The use of workplace based assessments on clinical placements risks making these experiences more about getting signatures than learning, says John Ward
We’ve all been there. You’ve just finished clerking a patient with pneumonia, a case which you’re fairly confident you could shoehorn as a “geriatric case based discussion.” You scuttle to the doctors’ office to find anyone willing to discuss “activities of daily living” (which you can’t remember asking about in hindsight, but you may have seen a walking stick somewhere in the bay). As you enter the office, sign-off forms in hand, the doctors start ducking for cover. Suddenly they all have newly discovered outliers that need reviewing or the sudden urge to bleep microbiology. There you are, stood like a Taylor Swift fan at the stage door after she’s already been smuggled out: alone, abandoned, and still obsessed about a “Blank Space.”
It’s those moments that make me think, if students don’t want to do workplace based assessments (WPBAs) any more than doctors want to actually sign them, then what do they actually achieve?
I understand why WPBAs came about. Using WPBAs is a good way to standardise assessments, with standardisation promoting patient safety and ensuring best practice is upheld. The introduction of the new Medical Licensing Assessment in the UK represents a further push for standardisation in undergraduate medical training.
Yet sometimes WPBAs become the sole purpose of placements, rather than a helpful addendum. Instead of trying to immerse yourself in cardiology, you’re running into theatres hoping a patient will consent to you placing a catheter. Placements become more about getting signatures than experience; if there are no tick boxes for documenting on ward rounds or assisting in theatres, then why spend your limited time on these activities? This view is supported by a survey of psychiatric trainees, which found that trainees felt WPBAs were time consuming and detracted from the clinical experience. While we may become adept at foisting our logbooks on doctors, we waste whole days of placement in the process, having to do the actual learning when we get home on Passmedicine.com.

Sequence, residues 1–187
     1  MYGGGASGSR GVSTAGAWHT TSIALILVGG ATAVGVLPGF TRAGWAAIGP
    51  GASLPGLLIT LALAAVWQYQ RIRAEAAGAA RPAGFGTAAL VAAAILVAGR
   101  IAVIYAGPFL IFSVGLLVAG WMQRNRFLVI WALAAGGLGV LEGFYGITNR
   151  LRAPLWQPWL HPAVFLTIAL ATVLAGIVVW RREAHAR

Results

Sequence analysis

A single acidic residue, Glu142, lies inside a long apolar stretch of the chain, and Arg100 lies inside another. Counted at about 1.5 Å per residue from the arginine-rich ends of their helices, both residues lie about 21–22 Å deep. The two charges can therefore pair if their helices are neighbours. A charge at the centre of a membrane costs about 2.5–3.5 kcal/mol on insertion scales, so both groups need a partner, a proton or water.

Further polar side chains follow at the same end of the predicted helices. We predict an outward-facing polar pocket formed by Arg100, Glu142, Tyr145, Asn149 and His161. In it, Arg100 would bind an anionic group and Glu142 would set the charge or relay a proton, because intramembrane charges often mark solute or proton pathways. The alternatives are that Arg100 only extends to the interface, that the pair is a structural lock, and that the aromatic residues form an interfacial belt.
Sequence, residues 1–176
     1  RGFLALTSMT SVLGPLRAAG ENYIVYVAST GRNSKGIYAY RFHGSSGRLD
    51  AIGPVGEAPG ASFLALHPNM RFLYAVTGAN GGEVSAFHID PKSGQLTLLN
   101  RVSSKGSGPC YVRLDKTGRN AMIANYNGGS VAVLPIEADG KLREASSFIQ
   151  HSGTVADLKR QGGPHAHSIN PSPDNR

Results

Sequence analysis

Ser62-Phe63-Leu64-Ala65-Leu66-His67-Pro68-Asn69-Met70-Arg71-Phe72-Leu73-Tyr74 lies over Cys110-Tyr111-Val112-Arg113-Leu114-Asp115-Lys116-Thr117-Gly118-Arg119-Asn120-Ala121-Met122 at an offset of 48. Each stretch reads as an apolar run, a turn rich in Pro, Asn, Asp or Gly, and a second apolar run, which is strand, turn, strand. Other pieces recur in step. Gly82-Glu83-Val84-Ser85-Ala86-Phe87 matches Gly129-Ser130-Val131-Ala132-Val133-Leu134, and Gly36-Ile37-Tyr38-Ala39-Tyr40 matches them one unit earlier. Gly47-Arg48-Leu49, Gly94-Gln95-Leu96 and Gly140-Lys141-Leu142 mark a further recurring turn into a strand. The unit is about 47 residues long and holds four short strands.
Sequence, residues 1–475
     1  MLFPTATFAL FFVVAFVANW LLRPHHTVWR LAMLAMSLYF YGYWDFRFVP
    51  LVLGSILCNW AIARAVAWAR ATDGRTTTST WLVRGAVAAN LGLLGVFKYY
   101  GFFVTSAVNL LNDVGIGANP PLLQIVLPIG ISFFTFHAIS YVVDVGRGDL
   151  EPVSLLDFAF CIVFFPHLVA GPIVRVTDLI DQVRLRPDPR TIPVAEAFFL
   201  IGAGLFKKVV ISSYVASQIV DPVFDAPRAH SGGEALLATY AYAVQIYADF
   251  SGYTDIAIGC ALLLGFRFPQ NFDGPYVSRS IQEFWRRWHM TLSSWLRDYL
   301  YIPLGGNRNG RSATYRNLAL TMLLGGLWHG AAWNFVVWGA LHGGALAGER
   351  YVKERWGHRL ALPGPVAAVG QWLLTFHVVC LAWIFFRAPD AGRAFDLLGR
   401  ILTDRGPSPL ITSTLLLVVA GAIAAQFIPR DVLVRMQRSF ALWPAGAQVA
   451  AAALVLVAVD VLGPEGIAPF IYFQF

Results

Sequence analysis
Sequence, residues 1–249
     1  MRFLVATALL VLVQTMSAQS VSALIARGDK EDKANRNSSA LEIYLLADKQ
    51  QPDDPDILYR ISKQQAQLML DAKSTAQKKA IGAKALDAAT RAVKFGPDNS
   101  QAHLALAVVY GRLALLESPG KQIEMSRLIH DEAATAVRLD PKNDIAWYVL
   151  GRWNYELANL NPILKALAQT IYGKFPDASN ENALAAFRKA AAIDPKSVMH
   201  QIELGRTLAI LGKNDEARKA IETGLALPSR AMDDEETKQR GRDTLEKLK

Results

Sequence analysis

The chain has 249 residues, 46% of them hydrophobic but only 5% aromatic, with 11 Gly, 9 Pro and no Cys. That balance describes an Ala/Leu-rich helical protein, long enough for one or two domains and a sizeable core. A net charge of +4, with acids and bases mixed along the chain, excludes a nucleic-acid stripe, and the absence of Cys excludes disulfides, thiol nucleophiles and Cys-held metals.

Furthermore, doctors seem to think that students gain some sadistic pleasure from WPBAs. I once asked an F1 to listen to my presentation, for him to retort “all you students care about is signatures.” Of course, how foolish of me to not adequately revere Andrew, the aforementioned F1, a patron saint of medicine who completed a qualifying MBBS degree without ever asking for signatures. However, he is correct. Students do care a lot about signatures because without them we fail placements. This culture alienates students from the clinical team, with doctors cynically viewing students as vultures on the job-list Serengeti, further preventing students from doing any actual learning.
The obvious solution here is to ask your consultant, given that they are your educational supervisor and therefore may take a passing interest in WPBAs. But consultants are rarely present and students often feel that WPBAs are an annoyance. Furthermore, research has shown that consultants are more likely than juniors to give generic feedback to students. Of the many consultant appraisals I’ve had, I can only remember a handful that didn’t just involve me reviewing myself while a consultant nodded. If even consultants, who have a vested interest in students being safe on their ward, loathe WPBAs, why would junior doctors want to sign them?
By forcing quotas and targets on students, it also means that patients get perpetually badgered by students who feel like they have no choice. I recall an incident when a patient was examined so frequently by students that she said she cried, stating that she simply couldn’t cope with being examined again. Considering the principle of beneficence, is it really ethical to have students endlessly examine convalescing patients for the sake of signatures?
For medical schools, WPBAs provide a practical way of making students aware of educational outcomes, and have incidentally been used in lieu of objective structured clinical examinations (OSCEs) in the current pandemic by some medical schools. Hamed Khan, chief examiner at St George’s, University of London, wrote in support of WPBAs, arguing that OSCEs perpetuate the idea that medical school is to pass exams and that they fail to prepare future doctors for frontline medicine. However, WBPAs similarly perpetuate the “jumping through hoops” nature of studying medicine, blinding students to actual learning opportunities, and furthermore minimising students’ judgment in how to develop their own clinical practice.
WPBAs were implemented to improve medical education, however they have quickly become a cumbersome distraction from the privilege of learning medicine on the frontline. Maybe it’s time that we view WPBAs on clinical placements in the same way as a medical student at an aortic bypass; in the vicinity, vaguely helpful, but potentially catastrophic if overly trusted.
John Headley Ward is a final year medical student at St George’s University of London. Twitter @jseriousw
Competing interests: None declared.